It probably helps to keep your classes small enough (applying SRP can help) that instance variable definitions are seldom more than a flick of the eyes (or maybe a PageUp) away. Advice I should take more often myself... – Mike Woodhouse Nov 4 '11 at 10:05
@Firedragon that's an interesting link, particularly as it looks like Microsoft didn't follow their own guidelines when creating the framework - it's riddled with m_ variable names – Chris S Nov 4 '11 at 14:56
+1 for prioritizing readability (even over style guidelines for private class members). – Roy Tinker Nov 4 '11 at 16:55
@ChrisS The general naming guidelines only apply to the public surface area(public/protected members). I think what Firedragon linked are internal guidelines for one specific team in MS, not for MS in general. – CodesInChaos Nov 6 '11 at 16:05

Is the _instance a naming convention of any sort in C#?

First off, a number of people have referenced the naming guidelines. Note that many of those guidelines apply only to the public surface area of a type. Private members like the one you mention are internal implementation details and therefore subject to the policies of the organization that produced them, not subject to the framework design guidelines for what people expect to see in a public element.

For private implementation details the underbar prefix is common in many organizations. I personally don't think it is necessary, but some people seem to like it.

What is important however is that even for private implementation details you should never use two underbars. The C# compiler team reserves the right to make any word that begins with two underbars to have any meaning we choose in some future version of the language. That is our "escape hatch" in case we really, really need to add a new non-contextual reserved keyword and really, really do not want to break any existing code.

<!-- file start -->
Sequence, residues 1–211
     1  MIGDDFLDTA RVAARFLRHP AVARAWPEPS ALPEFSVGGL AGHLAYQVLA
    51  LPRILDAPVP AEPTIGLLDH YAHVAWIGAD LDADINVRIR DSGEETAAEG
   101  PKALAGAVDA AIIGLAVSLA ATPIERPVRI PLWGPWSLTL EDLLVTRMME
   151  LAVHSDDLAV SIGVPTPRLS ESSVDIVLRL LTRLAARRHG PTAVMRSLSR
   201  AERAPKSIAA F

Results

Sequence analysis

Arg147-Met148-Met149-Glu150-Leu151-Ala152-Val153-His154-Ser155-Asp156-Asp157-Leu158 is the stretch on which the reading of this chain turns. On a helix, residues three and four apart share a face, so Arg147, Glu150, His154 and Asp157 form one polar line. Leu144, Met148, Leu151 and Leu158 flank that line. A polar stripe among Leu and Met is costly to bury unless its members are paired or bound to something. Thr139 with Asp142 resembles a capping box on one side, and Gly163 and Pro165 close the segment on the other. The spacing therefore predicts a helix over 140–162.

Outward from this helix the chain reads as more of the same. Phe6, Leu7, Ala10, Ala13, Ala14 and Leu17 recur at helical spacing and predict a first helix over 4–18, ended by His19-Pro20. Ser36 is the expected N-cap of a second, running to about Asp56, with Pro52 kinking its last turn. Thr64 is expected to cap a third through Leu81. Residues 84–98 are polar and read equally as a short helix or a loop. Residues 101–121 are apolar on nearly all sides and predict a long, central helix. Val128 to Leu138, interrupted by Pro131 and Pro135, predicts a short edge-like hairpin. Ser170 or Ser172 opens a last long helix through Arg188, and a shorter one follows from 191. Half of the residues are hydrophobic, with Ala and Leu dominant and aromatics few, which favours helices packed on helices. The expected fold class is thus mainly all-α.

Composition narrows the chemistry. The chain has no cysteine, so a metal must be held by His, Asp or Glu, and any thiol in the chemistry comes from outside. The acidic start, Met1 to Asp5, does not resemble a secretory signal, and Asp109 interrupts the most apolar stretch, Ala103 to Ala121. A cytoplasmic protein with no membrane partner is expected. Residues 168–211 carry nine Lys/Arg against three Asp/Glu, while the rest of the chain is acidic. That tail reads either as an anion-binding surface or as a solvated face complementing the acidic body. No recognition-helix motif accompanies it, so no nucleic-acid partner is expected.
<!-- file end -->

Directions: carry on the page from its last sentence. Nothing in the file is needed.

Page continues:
This is documented in section 2.4.2 of the C# 4 specification.

share|improve this answer
__declspec(escape hatch) – Chris Bednarski Nov 4 '11 at 20:58
Is that the reason the undocumented __arglist and TypedReference keywords all start with __? – configurator Nov 5 '11 at 20:08

Yes, that is a common naming standard for private fields:

I happen to agree with @JonSkeet that the underscores are messy, but AFAIK that is the MS standard. The document he links to indicates not using underscores in your library, but I believe that is referring to public members.


The first link actually advocates the opposite; don't use underscores. My mistake, but it's still a useful resource.

In deference to Mr. Skeet, I followed his link further to: which also states that you shouldn't use underscores, but that guidance applies to static, protected and public members, but not necessarily to private members.

Bottom Line: Yes it is a common standard, but first use any internally agreed upon standard before trying to find/use external standards.

share|improve this answer
Thanks for the input! – Shogoot Nov 4 '11 at 8:35
Thanks for the accept :) – John Weldon Nov 4 '11 at 8:36
Doesn't that coding standard actually say not to use an underscore for private fields though? Although as others have said the way to go is always look at your teams coding standards first :-) – Firedragon Nov 4 '11 at 8:46
@Firedragon, I'm so embarrassed; you're right. – John Weldon Nov 4 '11 at 8:56
Since the business im @ uses the _ to denote private fields of classes it is not a question of NOT using it. The question is anyways answered as use of _ IS a naming convention, evnen if its not recoemnded by the documents you people have linked. – Shogoot Nov 4 '11 at 9:11

There are many guidelines and standards to choose from, but if the standard used at your workplace uses underscores, then that is what you need to use. Especially if you are only doing an internship there, the goal should be to keep things consistent (within that business) rather than following some standard which is "better" (but different).

Perhaps the better question to ask your developers (or the higher up bosses) is if they have any documentation/links on the standards that they do use?

share|improve this answer